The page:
ORT’s Dante Tribute Concert
The Orchestra della Toscana Foundation has commissioned a concert for the 700th anniversary of Dante Alighieri, which will be fronted by the ORT debut of two guest musicians on the Teatro Verdi stage. Conductor Alpesh Chauhan and cellist Pablo Ferrández will lead the performance that will also include Edward Elgar’s Cello Concerto and Brahms’s Fourth Symphony, two famous pieces from the Romantic period of classical music. On Friday, November 12, beginning at 9 pm, these works and several more will be performed for the public at Florence’s Teatro Verdi on Via Ghibellina.
The concert will be led by Alberto Cara’s “Forse seimilia miglia di lontano,” which is named after the first verse in Dante’s Paradise. The composition wishes to capture the simultaneous wonder and disorientation felt by Dante in the story when he witnessed a dazzling light. Cara has done a wide array of work in the classical scene, author of symphonic, chamber and opera music. He has had his shows premiere in a variety of theatres, such as the Donizetti in Bergamo, the Teatro dell’Opera in Savona, the Teatro Comunale di Modena, and at the “Coccia” Theater in Novara. This brief opener to the Dante anniversary will be followed by two historically significant works from the last couple of centuries.
Cello Concerto is one of the last notable pieces by English composer Edward Elgar, made in the aftermath of both the First World War and a dangerous tonsillectomy in 1919. This song, combining moments of ecstatic highs and melancholic lows to match the emotion felt at the time of composition, became popular in the 1960’s after being largely unrecognized when it first debuted. In addition, ORT will also be performing Brahms’ “Symphony No. 4 in E Minor” or Fourth Symphony. The symphony will take listeners through a brisk-paced performance across four movements comprising three allegros and an andante, music considered to be some of the greatest since the time of Beethoven.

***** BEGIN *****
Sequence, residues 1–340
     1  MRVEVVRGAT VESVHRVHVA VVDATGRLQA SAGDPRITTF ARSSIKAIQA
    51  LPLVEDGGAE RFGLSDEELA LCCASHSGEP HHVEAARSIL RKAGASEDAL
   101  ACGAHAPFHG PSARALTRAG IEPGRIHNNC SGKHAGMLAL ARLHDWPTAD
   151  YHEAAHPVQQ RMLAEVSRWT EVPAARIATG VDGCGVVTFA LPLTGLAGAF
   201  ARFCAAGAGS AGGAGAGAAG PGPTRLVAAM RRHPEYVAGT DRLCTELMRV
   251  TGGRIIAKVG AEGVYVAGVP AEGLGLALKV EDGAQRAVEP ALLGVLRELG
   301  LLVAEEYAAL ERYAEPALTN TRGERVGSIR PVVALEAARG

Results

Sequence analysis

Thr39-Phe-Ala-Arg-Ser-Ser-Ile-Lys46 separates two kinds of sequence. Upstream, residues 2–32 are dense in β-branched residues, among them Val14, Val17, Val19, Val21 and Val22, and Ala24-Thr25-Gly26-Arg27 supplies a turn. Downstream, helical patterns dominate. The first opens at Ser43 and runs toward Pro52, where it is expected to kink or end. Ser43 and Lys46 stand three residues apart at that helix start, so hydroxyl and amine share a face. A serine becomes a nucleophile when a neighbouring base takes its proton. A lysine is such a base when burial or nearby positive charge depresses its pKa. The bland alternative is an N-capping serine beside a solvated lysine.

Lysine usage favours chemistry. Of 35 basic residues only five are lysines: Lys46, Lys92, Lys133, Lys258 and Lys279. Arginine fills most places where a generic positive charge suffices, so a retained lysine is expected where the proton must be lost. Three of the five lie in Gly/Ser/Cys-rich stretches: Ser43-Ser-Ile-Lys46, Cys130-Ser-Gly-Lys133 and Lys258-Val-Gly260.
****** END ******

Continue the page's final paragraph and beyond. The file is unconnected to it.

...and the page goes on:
Alpesh Chauhan brings his lifelong passion for conducting to the stage. Raised in a large family in Birmingham with deep African and Indian roots, Alpesh set out to prove himself to those around him who initially doubted the success of a classical music career, which was helped by the example of conductor Zubin Mehta’s accomplishments. With his career constantly on the rise, Alpesh went on to become the musical director of the Birmingham Opera Company and has recently finished a three-year long experience at Toscanini di Parma as a principal conductor. His interests also extend to the world of philanthropy. He is the ambassador of Awards for Young Musicians, which supports the study of music for young people from disadvantaged backgrounds.
Pablo Ferrández’s inseparable bond with the cello will be displayed during his interpretation this Friday. Born in a family of musicians in Madrid, Pablo has a long-lasting familiarity with the art of performance that he has studied since the age of 13. He has performed across a multitude of orchestras over the years including Spanish National Orchestra, RTVE Symphony Orchestra, Orquesta Sinfónica del Principado de Asturias, Kremerata Baltica, Helsinki Philharmonic Orchestra, Tapiola Sinfonietta, Orchestre National des Pays de la Loire and the Stuttgarter Philharmoniker, among many others. His reputation even earned him a Stradivarius cello by the Nippon Music Foundation. Known as Lord Aylesford, this instrument dates back to 1696 and is among one of the few antique string instruments of its type.
Tickets can be purchased for €17 at the biglietteria in Teatro Verdi, or by visiting http://www.teatroverdifirenze.it/en/. (nelson matos)